BuiltWithNOF

ĎThere must be boundaries.í

Recently there was much discussion in the Church of England about there being insufficient boundaries. It was suggested that heresy could flourish without it being able to be checked - there were insufficient boundaries. In the event the votes, by the narrowest of margins, went against those who wanted to instal limits and boundaries. One reason for the rejection was that it was felt that these would lead to heresy trials which were the last thing the Church needed at this time!

The need for boundaries is a reason used in the great homosexuality debate too. It is suggested by those who want there to be greater control that a line must be drawn in the sand somewhere, so that churches and priests donít go wandering off teaching and preaching whatever they want about sexuality. It is suggested by these people that in the recent dispute it is a case of a whole Province wandering off and doing itís own thing!

Quite apart from the situation in the Church, many Christians view the way society is going somewhat pessimistically. Some think that the world is going downhill rather quickly! One reading of the New Testament leads us to think that such deterioration in society is a precursor to the end of the world. I guess there has always been a tendency for Christians to be sitting, metaphorically, on the edge of their seat, waiting for the last trump to sound. After all, did not our Lord himself say that it would come like a thief in the night?  And did not he and Saint Paul both indicate - according to the Bible record - that we would not have to wait that long before the end came? Perhaps we have done well to survive for two thousand years!

The Bible talks of all sorts of signs and portends which will indicate that the last days are upon us - and down the ages Christians have read the signs of the times as showing quite clearly that the end was about to happen. Some seem to almost gain a sense of satisfaction and anticipation when they speak as though we are all about to be caught up into the air and whisked away to a better place. Perhaps that is understandable in view of the problems and persecution that some Christians experience.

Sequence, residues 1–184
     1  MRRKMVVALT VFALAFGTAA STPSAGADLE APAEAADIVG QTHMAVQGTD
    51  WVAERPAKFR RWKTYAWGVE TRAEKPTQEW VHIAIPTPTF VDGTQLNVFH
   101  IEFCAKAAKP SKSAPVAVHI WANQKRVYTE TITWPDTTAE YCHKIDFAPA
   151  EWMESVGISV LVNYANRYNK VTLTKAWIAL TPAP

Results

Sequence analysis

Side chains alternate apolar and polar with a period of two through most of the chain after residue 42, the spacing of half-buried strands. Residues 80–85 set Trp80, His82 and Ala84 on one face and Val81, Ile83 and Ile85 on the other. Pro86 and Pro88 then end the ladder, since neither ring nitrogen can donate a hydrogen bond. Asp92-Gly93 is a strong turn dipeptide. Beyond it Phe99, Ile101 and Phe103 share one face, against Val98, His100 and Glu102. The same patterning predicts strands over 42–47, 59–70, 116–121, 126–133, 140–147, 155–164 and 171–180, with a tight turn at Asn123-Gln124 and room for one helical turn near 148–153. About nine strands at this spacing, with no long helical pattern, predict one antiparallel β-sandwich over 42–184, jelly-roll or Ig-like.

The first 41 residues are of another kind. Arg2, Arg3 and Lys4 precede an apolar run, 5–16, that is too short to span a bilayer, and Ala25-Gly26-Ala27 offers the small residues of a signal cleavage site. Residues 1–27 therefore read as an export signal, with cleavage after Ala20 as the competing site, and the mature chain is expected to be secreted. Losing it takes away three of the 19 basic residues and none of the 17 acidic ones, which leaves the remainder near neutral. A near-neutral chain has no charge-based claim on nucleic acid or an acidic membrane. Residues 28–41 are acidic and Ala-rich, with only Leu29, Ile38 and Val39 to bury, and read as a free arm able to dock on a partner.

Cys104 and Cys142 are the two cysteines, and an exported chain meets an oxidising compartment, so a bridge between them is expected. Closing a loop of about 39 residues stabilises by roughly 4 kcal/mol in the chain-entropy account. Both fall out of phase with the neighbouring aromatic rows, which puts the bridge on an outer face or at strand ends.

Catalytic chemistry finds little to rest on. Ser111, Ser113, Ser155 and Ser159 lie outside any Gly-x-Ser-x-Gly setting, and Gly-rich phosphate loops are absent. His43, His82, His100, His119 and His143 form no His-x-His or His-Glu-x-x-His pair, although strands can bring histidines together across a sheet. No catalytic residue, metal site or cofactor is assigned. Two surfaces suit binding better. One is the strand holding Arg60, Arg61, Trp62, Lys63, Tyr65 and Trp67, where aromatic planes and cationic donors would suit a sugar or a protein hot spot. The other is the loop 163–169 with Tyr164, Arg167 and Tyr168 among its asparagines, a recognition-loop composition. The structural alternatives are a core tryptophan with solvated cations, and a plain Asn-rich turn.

From what Jesus said I think it is quite clear that he was indicating that there would eventually be a reckoning. There would be an end to time itself and a final judgement of all people. There would be a separating of the sheep from the goats. That just as God had created in the first place, so he would bring all things to an end. That there did exist a pervading justice behind all things.

I suppose that this concept of lines in the sand and of boundaries applies also to that favorite expression of Jesus: Ďthe Kingdom of Godí. There are some who are in the Kingdom of God and there are some who are not in the Kingdom of God. Between the two there is a line drawn in the sand.  This is not to say that the person involved necessarily knows whether they are in or out. They might think they are in but really be outside, or they might think themselves as outside when in reality they are in. To be in the Kingdom, most Christians believe, there has to be some element of accepting Jesus into their lives.

So perhaps at least we can draw a pretty clear line here: if you accept Christ as Lord then you are in. If you donít, however Ďgoodí you are, then you are not yet in the Kingdom of God. But even here it is not always that easy to decide who is in and who is out. Often it is known to God alone. Sometimes we just have to leave it in His hands and say that it is not our place to make a judgement.